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The Man Who Carried His Art in His Pocket

A tribute to Fred Sandback

Fred Sandback installing his work at Dia:Beacon in February 2003. Photo by Nic Tenwiggenhorn. Courtesy Dia Art Foundation.
Fred Sandback installing his work at Dia:Beacon in February 2003. Photo by Nic Tenwiggenhorn. Courtesy Dia Art Foundation.

Having written about Minimal and Conceptual art over the years, I became aware, shortly after discovering the news of Fred Sandback’s recent passing, that I had never actually written about his work. There are certain artists who are highly respected and whose art has an original and persistent quality, yet who miss the critical attention they deserve. We just expect them to be there. Their work is fixed conceptually in our minds. But then suddenly they are gone, and we are left with the realization of a loss that cannot be easily filled. Sandback’s exhibition a few years ago at the Dia Center for the Arts in New York was a revelation. It was the first occasion for many of us to see a relatively good selection of his remarkable string pieces shown together. They were perfectly attuned and placed, fully considered in every detail, up to the millimeter. Sandback not only considered the physical details, the angle of vision, and the natural lighting of the architecture as components in his nearly invisible work, but he also regarded the ambulatory experiences that people have while walking through a space as part of his intention.

It was only within the past three years that I was introduced to Fred and his wife, Amy Baker Sandback, at the home of some mutual friends. Several months went by until I decided to call Sandback. We arranged a meeting the following week. During the course of our visit in his studio, I became aware of how much planning and thinking went into everything he did. I don’t recall the conversation as having much to do with theory. Rather it was about his approach to physical space and to the nature of conflict between reality and illusion. I was reminded of a notion that I had entertained some years earlier—that space is something we create, not something that is given to us. In the course of our conversation, he remarked on a related notion respective of his own work. At that moment, I understood his position as being a kind of visual phenomenology. By focusing on a linear means of reduced construction, the articulation of planes raises questions in regard to the spatial perception of the viewing subject.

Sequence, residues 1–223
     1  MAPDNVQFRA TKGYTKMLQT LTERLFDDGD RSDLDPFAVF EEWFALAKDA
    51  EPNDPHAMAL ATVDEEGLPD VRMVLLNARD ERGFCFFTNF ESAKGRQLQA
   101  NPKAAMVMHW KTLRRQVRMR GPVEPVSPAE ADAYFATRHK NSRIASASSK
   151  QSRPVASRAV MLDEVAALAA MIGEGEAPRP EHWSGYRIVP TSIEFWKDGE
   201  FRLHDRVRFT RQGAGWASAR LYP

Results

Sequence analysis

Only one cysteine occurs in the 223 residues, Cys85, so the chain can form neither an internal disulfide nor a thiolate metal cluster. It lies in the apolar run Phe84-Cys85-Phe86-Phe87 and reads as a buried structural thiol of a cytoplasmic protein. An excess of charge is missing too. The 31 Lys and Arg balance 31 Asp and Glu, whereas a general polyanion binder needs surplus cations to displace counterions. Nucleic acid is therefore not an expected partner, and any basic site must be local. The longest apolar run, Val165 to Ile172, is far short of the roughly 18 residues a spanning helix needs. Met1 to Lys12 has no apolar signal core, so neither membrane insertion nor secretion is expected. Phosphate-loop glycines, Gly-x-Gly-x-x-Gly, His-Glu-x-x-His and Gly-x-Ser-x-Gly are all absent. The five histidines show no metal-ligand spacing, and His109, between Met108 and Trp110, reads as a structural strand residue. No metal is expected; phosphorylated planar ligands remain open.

But there is another point that is worth mentioning. If ever there was an artist who hit the in-betweenness of Minimal and Conceptual art, it was Fred Sandback. He could create a spatial plane, an illusion of another reality, by pulling string from his pocket and attaching it to the wall, ceiling, and floor. There was no weight, no mass—only the potential illusion that the viewer could recognize as a kind of magical transformation. There is something intensely private, nearly hermetic, about his way of working, something ingenious and perhaps mystical. He was not conforming to anyone else’s strategy or idea. His art was a lonely endeavor—and to keep pushing it forward was a daily challenge, a conundrum that filled the hours he worked each day in the studio. As a reductivist whose work represents a pragmatic American counterpart to European phenomenology, Fred Sandback was the one—a supremely elegant artist who carried the internal structure of his art with him.


Robert C. Morgan

Robert C. Morgan is a non-objective painter who lectures on art and writes art criticism. In 2017, he was given an overview of his career as an artist at Proyectos Monclova in Mexico City. Known primarily for his writing and curatorial projects, Morgan has published numerous books and catalogues internationally, now translated into 20 languages. His anthologies of criticism on Gary Hill and Bruce Nauman were published in 2000 and 2002 respectively through Johns Hopkins Press.


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